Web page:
New CEO Brian Krzanich appears to be hell-bent to correct his predecessor's mistakes in mobile. This year he boldly proclaimed Intel would be in 40 million tablets in 2014, up from only 10 million in 2013. And while he's moving forward on this goal admirably, there's no guarantee the company will ever monetize this effort in any meaningful way. As is, the company is essentially paying manufacturers to use its tablet chips in the hopes they will pay more later or Intel can lower the bill of goods in future years.
Intel is a tremendously well-run company that pays an amazing dividend, and oozes cash flow. That said, I'd like to see a stronger PC market and a less commoditized tablet market going forward. With the company's stock sitting near decade highs, the risks become even more prevalent over the next five years.
Jason Hall: Jamal and Keith bring up some great points. Intel's business is certainly being challenged by the major consumer shift away from the PC and to the mobile device. There's absolutely no arguing that Intel was way late to the mobile game. I won't repeat what Jamal and Keith highlighted above regarding Intel's efforts to get in deep in mobile, but I will emphasize that the company's R&D strength, vertical integration, and the scale of its existing businesses will aid it in those efforts. Keith's points about Intel's strength in the data center and in servers is also notable -- after all, this is what enables mobile computing to be so amazing.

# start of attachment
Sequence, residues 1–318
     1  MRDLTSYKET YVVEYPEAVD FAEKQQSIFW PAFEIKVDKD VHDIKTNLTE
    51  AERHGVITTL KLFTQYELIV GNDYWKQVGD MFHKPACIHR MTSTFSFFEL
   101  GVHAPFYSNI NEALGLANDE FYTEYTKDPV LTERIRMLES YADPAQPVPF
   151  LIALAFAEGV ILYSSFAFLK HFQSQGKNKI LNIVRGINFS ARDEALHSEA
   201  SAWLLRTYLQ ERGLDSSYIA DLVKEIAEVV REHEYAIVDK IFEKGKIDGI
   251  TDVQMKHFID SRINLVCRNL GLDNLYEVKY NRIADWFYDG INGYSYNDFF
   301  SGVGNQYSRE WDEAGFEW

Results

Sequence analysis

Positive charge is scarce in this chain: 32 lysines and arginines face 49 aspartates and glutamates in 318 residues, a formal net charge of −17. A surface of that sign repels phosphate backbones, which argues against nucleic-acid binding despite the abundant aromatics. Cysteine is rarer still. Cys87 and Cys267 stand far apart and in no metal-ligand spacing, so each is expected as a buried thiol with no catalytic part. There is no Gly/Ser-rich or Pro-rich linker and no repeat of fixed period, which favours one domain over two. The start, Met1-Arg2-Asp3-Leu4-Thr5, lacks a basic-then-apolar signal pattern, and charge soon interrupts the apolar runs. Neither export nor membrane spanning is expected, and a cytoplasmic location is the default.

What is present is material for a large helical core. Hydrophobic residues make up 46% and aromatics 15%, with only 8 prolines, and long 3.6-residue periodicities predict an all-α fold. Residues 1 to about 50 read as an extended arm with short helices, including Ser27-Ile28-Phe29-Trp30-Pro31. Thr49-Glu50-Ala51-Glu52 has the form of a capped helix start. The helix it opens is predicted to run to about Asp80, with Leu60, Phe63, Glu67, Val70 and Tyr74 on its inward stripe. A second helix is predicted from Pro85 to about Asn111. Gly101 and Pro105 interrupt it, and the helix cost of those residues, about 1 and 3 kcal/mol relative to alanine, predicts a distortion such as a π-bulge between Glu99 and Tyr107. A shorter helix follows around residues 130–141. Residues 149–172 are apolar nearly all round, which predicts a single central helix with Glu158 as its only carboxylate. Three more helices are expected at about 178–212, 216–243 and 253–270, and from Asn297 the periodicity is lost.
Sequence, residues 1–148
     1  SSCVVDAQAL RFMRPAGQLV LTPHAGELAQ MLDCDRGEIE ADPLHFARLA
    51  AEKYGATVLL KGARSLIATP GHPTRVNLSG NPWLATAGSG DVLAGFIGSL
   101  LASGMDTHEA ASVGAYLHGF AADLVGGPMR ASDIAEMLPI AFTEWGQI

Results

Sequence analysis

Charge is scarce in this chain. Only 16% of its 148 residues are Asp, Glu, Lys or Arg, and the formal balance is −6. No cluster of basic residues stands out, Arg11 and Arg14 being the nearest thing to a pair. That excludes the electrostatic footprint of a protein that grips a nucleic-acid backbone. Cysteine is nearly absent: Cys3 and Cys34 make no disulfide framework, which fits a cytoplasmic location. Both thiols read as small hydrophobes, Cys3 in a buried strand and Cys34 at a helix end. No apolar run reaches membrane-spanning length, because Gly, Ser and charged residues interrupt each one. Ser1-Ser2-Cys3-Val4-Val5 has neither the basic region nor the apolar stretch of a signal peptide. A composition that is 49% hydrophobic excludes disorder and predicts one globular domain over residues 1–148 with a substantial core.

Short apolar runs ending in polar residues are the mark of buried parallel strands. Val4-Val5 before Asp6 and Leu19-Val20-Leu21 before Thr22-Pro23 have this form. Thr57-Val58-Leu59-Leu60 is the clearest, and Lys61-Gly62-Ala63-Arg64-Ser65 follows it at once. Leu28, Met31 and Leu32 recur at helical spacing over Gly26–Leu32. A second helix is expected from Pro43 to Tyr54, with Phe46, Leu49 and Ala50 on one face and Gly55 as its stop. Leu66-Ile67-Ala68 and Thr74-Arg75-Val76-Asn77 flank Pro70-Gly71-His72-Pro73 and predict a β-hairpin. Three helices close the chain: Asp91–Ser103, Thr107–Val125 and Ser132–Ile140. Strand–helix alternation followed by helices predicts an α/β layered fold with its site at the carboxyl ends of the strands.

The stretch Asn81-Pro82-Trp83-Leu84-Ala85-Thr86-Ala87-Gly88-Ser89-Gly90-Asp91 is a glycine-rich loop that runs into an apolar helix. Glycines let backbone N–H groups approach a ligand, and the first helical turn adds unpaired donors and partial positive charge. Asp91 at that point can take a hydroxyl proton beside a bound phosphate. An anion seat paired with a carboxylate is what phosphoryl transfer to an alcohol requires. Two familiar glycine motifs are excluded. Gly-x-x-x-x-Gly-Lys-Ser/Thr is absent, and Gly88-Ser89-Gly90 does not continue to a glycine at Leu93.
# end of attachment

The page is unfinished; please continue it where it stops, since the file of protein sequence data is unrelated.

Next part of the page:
But we aren't talking about Intel today, or even next year, and there is a burgeoning new industry that could dwarf everything that Intel has ever done before: The Internet of Everything! Okay, so I know the name sounds a bit hokey, but it's incredibly accurate. Every single day, more and more devices of all kinds, get connected to the Internet and to one another, ranging from consumer goods, to household appliances, to industrial equipment.
According to Cisco Systems, there are 13.8 billion things connected to the Internet today, and that number is likely to balloon to 50 billion by 2020, and every one of them will require a microprocessor, and other chipsets. Intel's strength in R&D will really shine at developing specialized microprocessors and Systems on a Chip, or SoCs to meet specific requirements for security, efficiency, and capability, and while this is going on, Intel's server business will continue to grow, powering the foundation that makes the Internet of Everything possible.
Sure, Intel's stock is as high as it has been in a decade, and still well below the Dot Com bubble, but it's also fairly valued today by most metrics, and the company has a fantastic balance sheet and cash position, giving management a lot of flexibility. I think the future is much less uncertain than it may seem on the surface; five years from now, Intel will be even stronger.